No Suffering Found on Tyler Farr’s New Album

Suffer In Peace
Courtesy: Columbia Records

Tyler Farr is somewhat of an outlier in country music. His gravelly voice wouldn’t suggest it, but the Missouri native is a classically trained opera singer who spent his senior year of high school singing tenor in Missouri’s All-State chorus. His first single, “Hot Mess,” had virtually no success despite being cowritten by Rhett Akins, while “Redneck Crazy” was almost universally disliked by critics before becoming his breakout hit. All in all it has been an unlikely rise for Farr who today released his sophomore album, Suffer in Peace.

The highlights of the record are also the the highlights of Tyler Farr as an artist in general. At a time where country music is getting increasingly shallow, sometimes to a fault, sometimes for the better, Farr digs deeper and continually cuts songs with some sort of emotional value. Whether they are about heartbreak, falling in love, or overall pride in one’s roots, he never fails to disappoint in choosing and writing songs. Top to bottom the album is extremely good. There’s a solid mix of new age and traditional country production that fits Farr’s profile as an artist.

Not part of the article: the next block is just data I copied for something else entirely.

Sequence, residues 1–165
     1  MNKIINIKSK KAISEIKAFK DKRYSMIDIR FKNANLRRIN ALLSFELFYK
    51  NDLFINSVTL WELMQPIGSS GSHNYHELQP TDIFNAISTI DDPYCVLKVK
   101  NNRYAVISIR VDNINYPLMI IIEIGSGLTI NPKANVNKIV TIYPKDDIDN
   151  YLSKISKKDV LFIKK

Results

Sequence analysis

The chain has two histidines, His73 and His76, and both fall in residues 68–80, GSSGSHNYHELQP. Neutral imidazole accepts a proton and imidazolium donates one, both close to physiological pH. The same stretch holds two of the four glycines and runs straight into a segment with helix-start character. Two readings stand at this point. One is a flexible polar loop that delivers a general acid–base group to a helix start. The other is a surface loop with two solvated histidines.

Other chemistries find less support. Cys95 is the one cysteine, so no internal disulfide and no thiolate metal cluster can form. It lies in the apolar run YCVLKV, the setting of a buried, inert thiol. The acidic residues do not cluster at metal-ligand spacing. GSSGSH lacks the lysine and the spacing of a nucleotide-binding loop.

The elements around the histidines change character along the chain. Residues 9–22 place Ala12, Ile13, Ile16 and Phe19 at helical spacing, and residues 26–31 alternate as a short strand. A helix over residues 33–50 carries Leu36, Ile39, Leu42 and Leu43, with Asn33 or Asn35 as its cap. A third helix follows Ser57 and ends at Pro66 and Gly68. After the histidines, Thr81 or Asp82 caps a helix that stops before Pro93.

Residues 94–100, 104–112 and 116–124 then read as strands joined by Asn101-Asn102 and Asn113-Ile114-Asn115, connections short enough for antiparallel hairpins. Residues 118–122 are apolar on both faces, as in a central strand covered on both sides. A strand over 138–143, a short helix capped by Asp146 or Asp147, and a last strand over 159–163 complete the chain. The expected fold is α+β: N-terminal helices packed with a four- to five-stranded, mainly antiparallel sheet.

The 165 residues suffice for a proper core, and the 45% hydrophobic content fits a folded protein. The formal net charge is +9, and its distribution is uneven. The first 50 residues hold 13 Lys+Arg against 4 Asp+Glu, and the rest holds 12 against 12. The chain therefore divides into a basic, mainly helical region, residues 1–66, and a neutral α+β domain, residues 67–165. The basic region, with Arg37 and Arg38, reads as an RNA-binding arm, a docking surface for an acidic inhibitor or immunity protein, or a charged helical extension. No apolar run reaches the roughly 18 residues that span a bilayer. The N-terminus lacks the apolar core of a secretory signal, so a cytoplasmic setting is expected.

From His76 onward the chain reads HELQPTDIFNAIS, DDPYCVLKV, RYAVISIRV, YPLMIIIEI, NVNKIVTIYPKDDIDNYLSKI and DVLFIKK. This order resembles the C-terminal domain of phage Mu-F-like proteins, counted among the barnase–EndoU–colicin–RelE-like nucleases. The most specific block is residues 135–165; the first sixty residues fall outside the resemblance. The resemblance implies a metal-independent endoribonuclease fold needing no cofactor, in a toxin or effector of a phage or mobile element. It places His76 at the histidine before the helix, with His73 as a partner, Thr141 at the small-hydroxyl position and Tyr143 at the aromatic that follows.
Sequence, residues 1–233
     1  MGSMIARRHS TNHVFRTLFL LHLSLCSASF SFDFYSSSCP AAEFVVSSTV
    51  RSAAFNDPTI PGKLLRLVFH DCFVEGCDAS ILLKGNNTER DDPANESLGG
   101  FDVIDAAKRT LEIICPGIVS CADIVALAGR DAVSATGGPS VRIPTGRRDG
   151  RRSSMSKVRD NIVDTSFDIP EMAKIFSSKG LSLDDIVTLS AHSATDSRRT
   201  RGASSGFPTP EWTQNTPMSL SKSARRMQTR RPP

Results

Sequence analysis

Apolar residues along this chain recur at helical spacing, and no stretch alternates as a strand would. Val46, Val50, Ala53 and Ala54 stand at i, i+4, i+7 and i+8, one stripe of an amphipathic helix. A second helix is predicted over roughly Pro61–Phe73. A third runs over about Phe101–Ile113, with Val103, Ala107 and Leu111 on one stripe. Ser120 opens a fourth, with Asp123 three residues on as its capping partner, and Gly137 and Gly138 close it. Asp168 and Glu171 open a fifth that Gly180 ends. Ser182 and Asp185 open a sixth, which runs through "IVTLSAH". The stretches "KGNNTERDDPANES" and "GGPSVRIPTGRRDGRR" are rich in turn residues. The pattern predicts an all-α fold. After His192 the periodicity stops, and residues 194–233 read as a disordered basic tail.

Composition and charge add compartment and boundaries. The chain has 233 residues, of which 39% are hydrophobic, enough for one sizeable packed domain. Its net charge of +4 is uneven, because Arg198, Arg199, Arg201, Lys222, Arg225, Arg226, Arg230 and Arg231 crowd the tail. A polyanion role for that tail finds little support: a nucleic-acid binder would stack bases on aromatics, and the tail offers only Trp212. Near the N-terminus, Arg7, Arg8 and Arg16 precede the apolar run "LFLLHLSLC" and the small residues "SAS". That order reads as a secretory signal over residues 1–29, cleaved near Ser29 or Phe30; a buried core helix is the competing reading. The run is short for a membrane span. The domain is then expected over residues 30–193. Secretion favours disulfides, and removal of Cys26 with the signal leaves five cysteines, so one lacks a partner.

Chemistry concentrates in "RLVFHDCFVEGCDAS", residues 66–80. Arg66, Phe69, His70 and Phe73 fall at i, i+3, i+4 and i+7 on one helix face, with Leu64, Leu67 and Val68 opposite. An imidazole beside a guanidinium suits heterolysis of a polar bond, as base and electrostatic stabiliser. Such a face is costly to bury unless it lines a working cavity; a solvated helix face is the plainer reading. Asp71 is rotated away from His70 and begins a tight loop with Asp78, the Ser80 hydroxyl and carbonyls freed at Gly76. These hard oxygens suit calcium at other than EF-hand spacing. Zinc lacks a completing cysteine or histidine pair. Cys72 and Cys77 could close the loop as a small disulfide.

There are no weaknesses on the record, instead there are some songs that standout more than others. “C.O.U.N.T.R.Y” is a rowdy anthem that serves as a solid lead off track but not much more. After that the album hits its stride with all of the rest of the songs being well above average. Highlights include the title track, “Damn Good Friends” (a duet with Jason Aldean), “Raised to Pray,” and “Why We Live Here.”

The combined momentum of having three top five singles in a row and being an opener on Aldean’s Burn It Down Tour should prove to be key in the success of this record. Because it is different from what other artists are putting out in terms of track style, it could struggle a bit with more casual fans, however for more dedicated listeners who can appreciate someone staying true to their identity while also pushing themselves, it should be a hit. This is one of the best albums of the year and could easily help launch Tyler Farr’s career to heights yet unseen.


 

3.5

 

Advertisements